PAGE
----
“Because of the weather, we didn’t have games right away,” Solheim said. “Then it was all of a sudden, BAM! We had games almost every day. In the middle of that, I thought oofta, this is tiring. “

Not only did Perreault and Solheim have to think about softball, but they also had to focus on track and field. When it came to practice and game conflicts, they chose which sport to attend on a case-by-case basis.

“It depended on how important the game or meet was,” Solheim said. “One week we had our conference meet, so we went to that over softball. For practice, it depended on what went on that week. If we had a game or meet coming up, we’d go to that practice the day before. “

Boll, on the other hand, chose a priority sport — baseball — and stuck with it. Reese didn’t experience this problem as often since trap was on Wednesday evenings and tennis landed on most every other day.

Despite the possibility of burnout and scheduling conflicts, the athletes see benefits in participating in multiple sports.

Solheim, who recently qualified for the Section 8A track meet in the 100m dash, uses her speed to her advantage in every other sport. She can steal bases and collect infield hits in softball or chase a puck or soccer ball down.

Reese uses hand-eye coordination in dribbling a soccer ball, stick handling a puck, hitting a tennis ball and shooting a clay target.

Aside from physical benefits, all the athletes attested to creating lifelong friendships through sports.

A Family Atmosphere

Whether the reason for starting or the reason for staying, relationships made in sports contribute to the four-sport athlete experience.

While Solheim has met some of her best friends playing soccer, hockey, softball and track, she’s enjoyed strengthening the relationship with her sister, Rylee, the most.

“The people have a big impact,” Solheim said. “I’ve been playing hockey since I was a little kid, and Rylee was a big influence in that. I loved playing sports with my sister, especially now that she’s graduated. “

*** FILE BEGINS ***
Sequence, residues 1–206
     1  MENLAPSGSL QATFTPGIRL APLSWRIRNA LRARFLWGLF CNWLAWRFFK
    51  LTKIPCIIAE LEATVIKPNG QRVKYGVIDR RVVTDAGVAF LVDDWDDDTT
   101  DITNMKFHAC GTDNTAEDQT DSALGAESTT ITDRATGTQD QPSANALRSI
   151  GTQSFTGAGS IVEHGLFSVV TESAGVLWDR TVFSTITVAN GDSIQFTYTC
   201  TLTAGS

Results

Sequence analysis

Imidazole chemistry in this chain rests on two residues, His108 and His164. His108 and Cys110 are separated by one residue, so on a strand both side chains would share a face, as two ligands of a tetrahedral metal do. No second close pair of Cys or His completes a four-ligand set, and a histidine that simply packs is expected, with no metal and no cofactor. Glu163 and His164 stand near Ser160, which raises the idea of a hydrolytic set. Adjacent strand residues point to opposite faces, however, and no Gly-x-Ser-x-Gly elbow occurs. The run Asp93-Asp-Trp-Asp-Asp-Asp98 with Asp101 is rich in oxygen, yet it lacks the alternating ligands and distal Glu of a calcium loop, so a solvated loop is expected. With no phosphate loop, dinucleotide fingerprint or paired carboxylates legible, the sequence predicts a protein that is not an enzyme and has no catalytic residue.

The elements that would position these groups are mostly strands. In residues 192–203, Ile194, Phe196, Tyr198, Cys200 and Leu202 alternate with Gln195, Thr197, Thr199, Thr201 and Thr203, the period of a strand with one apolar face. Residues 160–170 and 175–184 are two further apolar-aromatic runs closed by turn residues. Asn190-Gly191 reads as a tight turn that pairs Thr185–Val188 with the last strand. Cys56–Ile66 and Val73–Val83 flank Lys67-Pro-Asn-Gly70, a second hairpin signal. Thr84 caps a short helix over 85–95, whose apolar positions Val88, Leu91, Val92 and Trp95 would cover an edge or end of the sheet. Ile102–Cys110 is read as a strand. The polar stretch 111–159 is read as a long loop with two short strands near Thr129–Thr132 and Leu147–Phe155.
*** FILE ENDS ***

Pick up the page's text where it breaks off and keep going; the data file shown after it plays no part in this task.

Although Boll doesn’t have a sibling in any of the sports he plays, his teammates have grown to become family to him.

“Relationships in sports are huge,” Boll said. “I know so many people that I will be with and around the rest of my life. The weightlifting group feels like a brotherhood to me. “

Sports also bring different ages together, forcing them to break out of their normal social circles. Perreault experienced that this year, as the softball team had many underclassmen.

“I grew closer with Cassie and the other sophomores,” Perreault said. “I didn’t know them before, but then I got to hang out with them and learn their personalities.”

Reaping the Rewards

Few athletes choose to participate in three sports, let alone four. They might be afraid of burnout, want to focus on school or have more free time.

While all of these cons exist, being a four-sport athlete has many pros: teachers who help you succeed, an activity to keep you active, a versatile skillset and lifelong friends that you consider family.

When reflecting on her senior year, Perreault wouldn’t change her athletic experience.

“Just go with your gut and try something new,” Perreault said of athletes contemplating picking up a fourth sport. “It will be worth it in the end. Now that I’m graduated, I look back and see it was worth my time. “